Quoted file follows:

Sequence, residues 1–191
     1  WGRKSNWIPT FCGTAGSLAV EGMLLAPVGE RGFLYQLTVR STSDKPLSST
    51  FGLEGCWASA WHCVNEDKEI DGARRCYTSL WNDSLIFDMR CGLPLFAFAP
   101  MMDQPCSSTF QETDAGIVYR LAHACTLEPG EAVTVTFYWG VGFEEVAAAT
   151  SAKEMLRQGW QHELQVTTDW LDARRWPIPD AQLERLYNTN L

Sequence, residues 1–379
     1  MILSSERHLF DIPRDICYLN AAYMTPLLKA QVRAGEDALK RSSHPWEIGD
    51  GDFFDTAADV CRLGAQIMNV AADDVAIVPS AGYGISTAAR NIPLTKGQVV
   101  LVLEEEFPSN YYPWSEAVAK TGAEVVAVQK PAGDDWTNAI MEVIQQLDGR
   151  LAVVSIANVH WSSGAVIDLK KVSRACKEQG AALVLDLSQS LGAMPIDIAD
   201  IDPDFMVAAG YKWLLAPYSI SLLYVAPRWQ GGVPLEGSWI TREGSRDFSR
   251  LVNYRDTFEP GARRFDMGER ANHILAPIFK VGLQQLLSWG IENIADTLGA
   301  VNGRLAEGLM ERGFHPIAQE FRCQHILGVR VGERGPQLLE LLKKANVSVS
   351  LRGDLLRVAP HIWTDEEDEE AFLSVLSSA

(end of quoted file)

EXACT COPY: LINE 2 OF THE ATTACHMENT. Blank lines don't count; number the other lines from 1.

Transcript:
     1  WGRKSNWIPT FCGTAGSLAV EGMLLAPVGE RGFLYQLTVR STSDKPLSST